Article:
3. Drood, by Dan Simmons, $26.99

4. The Associate, by John Grisham, $27.95

5. Among the Mad, by Jacqueline Winspear, $25

6. The Story of Edgar Sawtelle, by David Wroblewski, $25.95

7. Lamb: The Gospel According to Biff, Christ's Childhood Pal, by Christopher Moore, $24.99

8. The Guernsey Literary and Potato Peel Society, by Mary Ann Shaffer and Annie Barrows, $22

9. The Host, by Stephenie Meyer, $25.99

10. Run for Your Life, by James Patterson and Michael Ledwidge, $27.


First Reviews Are In For DROOD

Publishers Weekly and Kirkus Reviews have both published reviews for DROOD, with PW giving it a starred review. Booklist, the online book reviews of the American Library Association, has also given DROOD a featured review. DROOD is scheduled for publication on February 9, 2009. More reviews will be forthcoming.

Drood Dan Simmons. Little, Brown, $26.99 (784p) ISBN 978-0-316-00702-3

Bestseller Simmons (The Terror) brilliantly imagines a terrifying sequence of events as the inspiration for Dickens's last, uncompleted novel, The Mystery of Edwin Drood, in this unsettling and complex thriller. In the course of narrowly escaping death in an 1865 train wreck and trying to rescue fellow passengers, Dickens encounters a ghoulish figure named Drood, who had apparently been traveling in a coffin. Along with his real-life novelist friend Wilkie Collins, who narrates the tale, Dickens pursues the elusive Drood, an effort that leads the pair to a nightmarish world beneath London's streets. Collins begins to wonder whether the object of their quest, if indeed the man exists, is merely a cover for his colleague's own murderous inclinations. Despite the book's length, readers will race through the pages, drawn by the intricate plot and the proliferation of intriguing psychological puzzles, which will remind many of the work of Charles Palliser and Michael Cox. 4-city author tour. (Feb.)  Publishers Weekly

           A suspenseful and spooky descent into the last days of Charles Dickens, who expired before he could complete his final novel, The Mystery of Edwin Drood.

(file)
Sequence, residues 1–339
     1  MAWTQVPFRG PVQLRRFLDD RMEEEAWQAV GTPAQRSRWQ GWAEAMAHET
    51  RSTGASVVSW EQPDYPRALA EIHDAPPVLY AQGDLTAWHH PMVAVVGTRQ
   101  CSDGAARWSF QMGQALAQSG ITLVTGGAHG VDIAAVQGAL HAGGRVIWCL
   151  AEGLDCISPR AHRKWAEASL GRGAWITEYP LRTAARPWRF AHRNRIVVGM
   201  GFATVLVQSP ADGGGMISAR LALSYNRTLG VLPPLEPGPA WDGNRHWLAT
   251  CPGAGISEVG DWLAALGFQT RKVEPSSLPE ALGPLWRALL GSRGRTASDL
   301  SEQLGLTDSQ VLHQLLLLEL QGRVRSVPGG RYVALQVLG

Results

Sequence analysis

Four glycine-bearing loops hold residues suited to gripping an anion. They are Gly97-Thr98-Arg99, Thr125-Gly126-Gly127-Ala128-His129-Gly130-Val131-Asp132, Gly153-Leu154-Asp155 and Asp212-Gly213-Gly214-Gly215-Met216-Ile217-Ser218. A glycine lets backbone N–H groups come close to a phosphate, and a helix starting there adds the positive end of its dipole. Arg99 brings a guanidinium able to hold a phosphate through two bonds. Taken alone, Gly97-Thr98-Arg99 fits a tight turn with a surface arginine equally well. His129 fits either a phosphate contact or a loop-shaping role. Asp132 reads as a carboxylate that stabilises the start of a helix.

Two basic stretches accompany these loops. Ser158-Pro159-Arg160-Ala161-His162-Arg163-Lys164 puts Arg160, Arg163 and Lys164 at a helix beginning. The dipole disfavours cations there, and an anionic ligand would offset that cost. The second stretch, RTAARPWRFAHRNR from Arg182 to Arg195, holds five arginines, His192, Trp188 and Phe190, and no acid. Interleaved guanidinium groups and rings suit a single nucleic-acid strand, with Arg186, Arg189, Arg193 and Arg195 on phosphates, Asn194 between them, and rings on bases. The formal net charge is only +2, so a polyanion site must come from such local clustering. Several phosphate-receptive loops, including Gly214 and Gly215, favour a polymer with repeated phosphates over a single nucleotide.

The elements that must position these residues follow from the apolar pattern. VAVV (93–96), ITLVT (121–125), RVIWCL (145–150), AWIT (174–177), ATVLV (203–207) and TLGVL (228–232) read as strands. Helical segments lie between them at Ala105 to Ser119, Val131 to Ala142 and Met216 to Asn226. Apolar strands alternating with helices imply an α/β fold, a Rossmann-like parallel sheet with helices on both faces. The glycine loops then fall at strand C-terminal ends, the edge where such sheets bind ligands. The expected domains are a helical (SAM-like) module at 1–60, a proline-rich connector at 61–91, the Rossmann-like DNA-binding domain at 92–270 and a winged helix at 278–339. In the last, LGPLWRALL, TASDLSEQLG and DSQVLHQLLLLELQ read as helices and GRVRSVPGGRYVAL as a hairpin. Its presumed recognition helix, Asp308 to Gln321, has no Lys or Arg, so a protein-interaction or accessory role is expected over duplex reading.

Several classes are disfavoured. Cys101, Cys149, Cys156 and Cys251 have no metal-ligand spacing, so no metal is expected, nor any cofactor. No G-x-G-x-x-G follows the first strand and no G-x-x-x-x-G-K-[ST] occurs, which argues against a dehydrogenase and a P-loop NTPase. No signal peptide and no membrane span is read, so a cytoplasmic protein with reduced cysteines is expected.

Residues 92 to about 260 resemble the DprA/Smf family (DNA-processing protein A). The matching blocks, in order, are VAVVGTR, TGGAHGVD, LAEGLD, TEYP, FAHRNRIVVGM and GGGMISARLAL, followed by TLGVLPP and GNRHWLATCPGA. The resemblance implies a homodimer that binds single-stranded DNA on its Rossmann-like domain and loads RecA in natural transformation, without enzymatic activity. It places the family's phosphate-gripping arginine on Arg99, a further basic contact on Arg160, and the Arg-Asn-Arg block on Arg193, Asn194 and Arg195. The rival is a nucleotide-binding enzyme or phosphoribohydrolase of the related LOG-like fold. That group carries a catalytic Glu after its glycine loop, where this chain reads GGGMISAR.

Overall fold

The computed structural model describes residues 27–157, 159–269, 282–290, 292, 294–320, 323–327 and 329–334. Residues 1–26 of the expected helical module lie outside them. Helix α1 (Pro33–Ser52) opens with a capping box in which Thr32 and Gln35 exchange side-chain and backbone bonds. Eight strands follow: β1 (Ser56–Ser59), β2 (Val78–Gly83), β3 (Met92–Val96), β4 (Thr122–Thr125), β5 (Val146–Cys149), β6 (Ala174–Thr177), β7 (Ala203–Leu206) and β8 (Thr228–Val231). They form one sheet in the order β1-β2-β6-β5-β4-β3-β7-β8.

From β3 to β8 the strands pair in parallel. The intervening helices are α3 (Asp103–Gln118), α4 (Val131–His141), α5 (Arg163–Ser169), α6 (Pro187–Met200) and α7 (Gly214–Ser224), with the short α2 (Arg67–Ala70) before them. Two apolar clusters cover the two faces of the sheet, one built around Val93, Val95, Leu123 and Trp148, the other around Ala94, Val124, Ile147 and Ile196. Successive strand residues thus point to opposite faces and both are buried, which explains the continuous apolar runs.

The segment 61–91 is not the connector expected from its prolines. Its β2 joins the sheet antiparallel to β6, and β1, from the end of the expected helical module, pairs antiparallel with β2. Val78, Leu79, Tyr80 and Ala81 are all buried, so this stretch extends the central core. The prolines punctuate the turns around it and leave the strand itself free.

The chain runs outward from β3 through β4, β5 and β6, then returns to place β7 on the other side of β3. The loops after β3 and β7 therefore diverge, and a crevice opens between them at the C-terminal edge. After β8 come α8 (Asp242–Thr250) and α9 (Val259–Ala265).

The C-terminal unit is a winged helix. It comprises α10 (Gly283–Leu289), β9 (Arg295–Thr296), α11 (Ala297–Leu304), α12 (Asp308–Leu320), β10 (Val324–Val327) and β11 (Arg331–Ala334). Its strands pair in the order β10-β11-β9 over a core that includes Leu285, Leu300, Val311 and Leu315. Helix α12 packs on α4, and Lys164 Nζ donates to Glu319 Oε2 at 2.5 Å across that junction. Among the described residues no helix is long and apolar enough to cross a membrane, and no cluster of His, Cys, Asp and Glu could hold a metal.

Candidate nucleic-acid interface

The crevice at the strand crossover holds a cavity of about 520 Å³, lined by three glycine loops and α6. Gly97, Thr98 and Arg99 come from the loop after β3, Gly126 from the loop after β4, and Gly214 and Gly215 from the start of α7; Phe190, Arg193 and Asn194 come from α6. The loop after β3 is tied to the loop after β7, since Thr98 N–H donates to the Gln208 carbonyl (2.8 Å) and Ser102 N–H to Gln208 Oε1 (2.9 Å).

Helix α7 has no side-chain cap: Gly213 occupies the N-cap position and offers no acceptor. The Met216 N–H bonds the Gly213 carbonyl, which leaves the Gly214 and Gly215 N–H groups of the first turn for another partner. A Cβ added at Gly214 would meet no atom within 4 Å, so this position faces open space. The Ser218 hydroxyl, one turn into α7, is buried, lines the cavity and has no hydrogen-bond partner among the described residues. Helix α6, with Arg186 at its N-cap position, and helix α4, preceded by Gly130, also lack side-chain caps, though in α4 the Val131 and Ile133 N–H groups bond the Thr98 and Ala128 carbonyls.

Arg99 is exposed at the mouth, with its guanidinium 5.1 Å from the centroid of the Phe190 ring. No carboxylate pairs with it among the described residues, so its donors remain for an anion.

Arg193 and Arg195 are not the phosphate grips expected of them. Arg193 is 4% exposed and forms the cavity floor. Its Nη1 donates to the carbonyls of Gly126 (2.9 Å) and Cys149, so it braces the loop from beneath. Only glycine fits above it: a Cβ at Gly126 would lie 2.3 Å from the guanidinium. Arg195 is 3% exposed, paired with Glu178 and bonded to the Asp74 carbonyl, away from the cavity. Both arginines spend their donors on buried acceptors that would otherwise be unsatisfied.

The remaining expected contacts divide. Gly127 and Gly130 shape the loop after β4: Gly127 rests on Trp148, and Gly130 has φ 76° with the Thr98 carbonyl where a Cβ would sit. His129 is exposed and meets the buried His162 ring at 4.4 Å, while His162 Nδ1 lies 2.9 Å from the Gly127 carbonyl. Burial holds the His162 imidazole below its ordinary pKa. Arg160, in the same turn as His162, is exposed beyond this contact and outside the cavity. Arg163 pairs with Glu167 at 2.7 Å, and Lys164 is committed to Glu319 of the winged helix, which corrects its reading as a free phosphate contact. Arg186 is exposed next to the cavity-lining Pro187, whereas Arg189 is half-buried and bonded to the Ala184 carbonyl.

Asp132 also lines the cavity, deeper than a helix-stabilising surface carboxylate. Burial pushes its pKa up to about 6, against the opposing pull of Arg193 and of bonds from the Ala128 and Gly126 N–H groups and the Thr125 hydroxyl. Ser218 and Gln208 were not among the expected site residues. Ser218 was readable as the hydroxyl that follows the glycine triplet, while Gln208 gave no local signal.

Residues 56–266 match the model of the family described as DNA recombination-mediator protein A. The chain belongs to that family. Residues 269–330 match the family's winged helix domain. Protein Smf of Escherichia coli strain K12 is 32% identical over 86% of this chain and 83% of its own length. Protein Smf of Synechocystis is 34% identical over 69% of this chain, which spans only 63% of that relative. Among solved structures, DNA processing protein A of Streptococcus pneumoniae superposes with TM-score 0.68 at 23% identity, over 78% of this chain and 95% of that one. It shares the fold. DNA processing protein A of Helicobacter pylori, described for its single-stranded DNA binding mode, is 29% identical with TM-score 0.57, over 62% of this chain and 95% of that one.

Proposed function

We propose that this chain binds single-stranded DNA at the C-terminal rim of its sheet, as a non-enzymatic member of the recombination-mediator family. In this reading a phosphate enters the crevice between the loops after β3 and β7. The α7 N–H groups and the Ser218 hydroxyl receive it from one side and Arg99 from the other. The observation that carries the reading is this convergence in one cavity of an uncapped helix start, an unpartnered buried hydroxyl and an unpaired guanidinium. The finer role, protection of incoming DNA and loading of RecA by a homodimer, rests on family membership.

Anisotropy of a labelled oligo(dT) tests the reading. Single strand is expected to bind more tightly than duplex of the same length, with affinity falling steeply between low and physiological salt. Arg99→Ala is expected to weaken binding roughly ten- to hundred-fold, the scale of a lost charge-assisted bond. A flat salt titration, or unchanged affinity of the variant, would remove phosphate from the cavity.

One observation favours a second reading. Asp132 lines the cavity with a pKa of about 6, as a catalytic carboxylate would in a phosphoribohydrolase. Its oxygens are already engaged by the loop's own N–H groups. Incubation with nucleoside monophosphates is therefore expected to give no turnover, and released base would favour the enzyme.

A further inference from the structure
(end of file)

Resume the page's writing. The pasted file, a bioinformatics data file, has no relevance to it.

Although he doesn’t quite have the hang of Victorian prose and writes instead with modern matter-of-factness, Simmons (Muse of Fire, 2008, etc.) hits on a nice conceit at the outset, giving Dickens’s fellow novelist Wilkie Collins the job of narrating this long, shaggy dog of a tale. Collins, known today mostly for his mystery novel The Moonstone, if known at all, plays a kind of Salieri to Dickens’s Mozart, his jealousy evident: “Charles Dickens was the literary genius and I was not.” The figure of Drood first turns up at the scene of a hellish train wreck from which Dickens, 53 years old and gouty, has emerged. Drood does not cut a pretty figure, “pale eyes in their sunken sockets,” muttering unintelligibly amid the gore, but he is certainly memorable. A few score pages of preliminaries later, and Dickens is absorbed in ferreting out Droodian mysteries, rattled to discover that his necromantic quarry, “healer, master of Magnetic science, Christ figure, and secret mystic” late of Egypt, has in theory been dead for many years and that assorted cannibals, ghosts and spirit rappers figure into the grisly equation. Things get weirder still as narrator Collins nurses the various psychic wounds wrought by the recognition that Dickens, though slovenly (“pulling characters out of the air…without a thought as to how they might serve the central purpose”), will write circles around him for as long as Dickens is alive. There are, of course, remedies for that particular problem, as readers needing a quick lesson in the chemistry of the quicklime pit will discover.
           A lively entertainment, reminiscent of Nicholas Meyer’s Seven-Percent Solution—and a worthy rejoinder to Dickens’s swan song.  Kirkus Reviews